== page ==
1981: BSc, Faculty of Agriculture, The University of Tokyo|
1986: PhD (Agriculture), The University of Tokyo
1986-88: Post-doctoral Fellow, Zoecon Research Institute, U.S.A.
1988-94: Assistant Professor, The University of Tokyo
1994-99: Associate Professor, The University of Tokyo
1999-present: Professor, The University of Tokyo
Graduate school: Molecular recognition, Bioscience Analytical Instruments|
We are studying typical insect phenomena such as molting and metamorphosis. We have identified various neuropeptide hormones produced by the central nervous system, which controls the production of the molting hormone, named ecdysone (steroid hormone), from the prothoracic gland. In addition, we have characterized biosynthetic enzymes, membrane receptors, and regulators involved in ecdysone biosynthesis in the prothoracic gland. Through these studies, we aim to clarify how insects control their growth and development timing.|
1) Yamanaka, N. et al. (2006) Regulation of insect steroid hormone biosynthesis by innervating peptidergic neurons. Proc. Natl. Acad. Sci. USA., 103: 8622-8627.
2) Sakudoh, T. et al. (2007) Carotenoid uptake and silk coloration by an intracellular carotenoid-binding protein, the unraveled Yellow blood gene. Proc. Natl. Acd. Sci. USA., 104: 8941-8946.
3) Yamanaka, N. et al.(2008) Neuropeptide receptor transcriptome reveals unidentified neuroendocrine pathway. PLoS ONE, 3, e3048: 1-12.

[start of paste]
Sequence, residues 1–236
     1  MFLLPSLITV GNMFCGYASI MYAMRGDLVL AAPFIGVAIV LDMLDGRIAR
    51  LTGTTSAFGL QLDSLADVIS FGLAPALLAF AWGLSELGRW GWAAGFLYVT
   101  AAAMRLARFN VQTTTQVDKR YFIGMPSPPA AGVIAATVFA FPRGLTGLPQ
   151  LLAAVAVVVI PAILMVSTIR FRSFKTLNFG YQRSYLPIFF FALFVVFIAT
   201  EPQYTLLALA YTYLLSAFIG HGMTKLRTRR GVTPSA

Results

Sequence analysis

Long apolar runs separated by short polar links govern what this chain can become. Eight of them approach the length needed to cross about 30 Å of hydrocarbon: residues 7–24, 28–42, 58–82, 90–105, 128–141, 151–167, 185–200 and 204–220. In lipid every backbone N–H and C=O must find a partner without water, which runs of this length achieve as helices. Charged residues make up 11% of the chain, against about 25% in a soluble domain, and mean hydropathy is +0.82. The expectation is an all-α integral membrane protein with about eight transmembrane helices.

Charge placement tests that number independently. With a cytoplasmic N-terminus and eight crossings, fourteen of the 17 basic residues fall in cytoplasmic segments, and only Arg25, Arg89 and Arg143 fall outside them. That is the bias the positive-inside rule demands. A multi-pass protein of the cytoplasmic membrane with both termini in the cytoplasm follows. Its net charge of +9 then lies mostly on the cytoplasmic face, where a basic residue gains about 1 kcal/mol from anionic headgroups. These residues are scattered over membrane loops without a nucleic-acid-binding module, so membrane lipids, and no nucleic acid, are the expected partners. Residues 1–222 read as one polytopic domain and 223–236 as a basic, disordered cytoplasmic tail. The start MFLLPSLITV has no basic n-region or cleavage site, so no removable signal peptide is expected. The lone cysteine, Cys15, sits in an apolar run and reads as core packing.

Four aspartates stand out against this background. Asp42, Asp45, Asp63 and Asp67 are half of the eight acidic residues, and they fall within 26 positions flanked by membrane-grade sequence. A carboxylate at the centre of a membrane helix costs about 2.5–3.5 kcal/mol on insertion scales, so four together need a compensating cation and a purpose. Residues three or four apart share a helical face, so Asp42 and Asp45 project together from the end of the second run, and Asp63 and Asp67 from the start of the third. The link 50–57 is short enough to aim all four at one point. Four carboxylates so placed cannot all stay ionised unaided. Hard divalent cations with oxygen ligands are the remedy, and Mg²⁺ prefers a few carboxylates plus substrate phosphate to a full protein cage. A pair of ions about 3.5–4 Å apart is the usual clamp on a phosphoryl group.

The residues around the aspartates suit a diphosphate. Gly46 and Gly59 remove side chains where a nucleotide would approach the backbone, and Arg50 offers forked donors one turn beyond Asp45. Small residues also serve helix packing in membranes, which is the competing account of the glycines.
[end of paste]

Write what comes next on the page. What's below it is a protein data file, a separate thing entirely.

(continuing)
4) Okamoto, N. et al. (2009) Fat body derived IGF-like peptide regulates post-feeding growth in Drosophila. Dev. Cell, 17: 885-891.
5) Yamanaka, N. et al. (2010) Bombyx prothoracicostatic peptides activate the sex peptide receptor to regulate ecdysteroid biosynthesis. Proc. Natl. Acd. Sci. USA., 107: 2060-2065.
6) Yoshiyama-Yanagawa, T. et al. (2011) The conserved Rieske oxygenase DAF-36/Neverland is a novel cholesterol metabolizing enzyme. J. Biol. Chem., 286, 25756-25762.
Japan Society for Bioscience, Biotechnology, and Agrochemistry|
The Japan Society for Comparative Endocrinology
The Japanese Peptide Society
On the basis of research on the mechanisms of the characteristic phenomena of insects, we plan to extend our study to whole organisms, including mammals. Recently, we have become interested in how the insects accumulate environmental information, such as the season, and how they convert this information to hormonal signals for controlling their growth and development.|
|Messages to Students|
New technologies in the biosciences have been developing rapidly recently. It now takes only a few weeks to complete work that would have taken several years a decade ago. However, hot topics of research now will also be forgotten as past research in the future. Few students can continue research such as that conducted in graduate school throughout their lives. I hope you, in your graduate school years, grasp what is important in developing research, what should be done now, and what is necessary to advance your research so that it will go down in history. I want you to work hard, not only in competing with others to get results quickly, but also in realizing that you are the leader of your own research project. |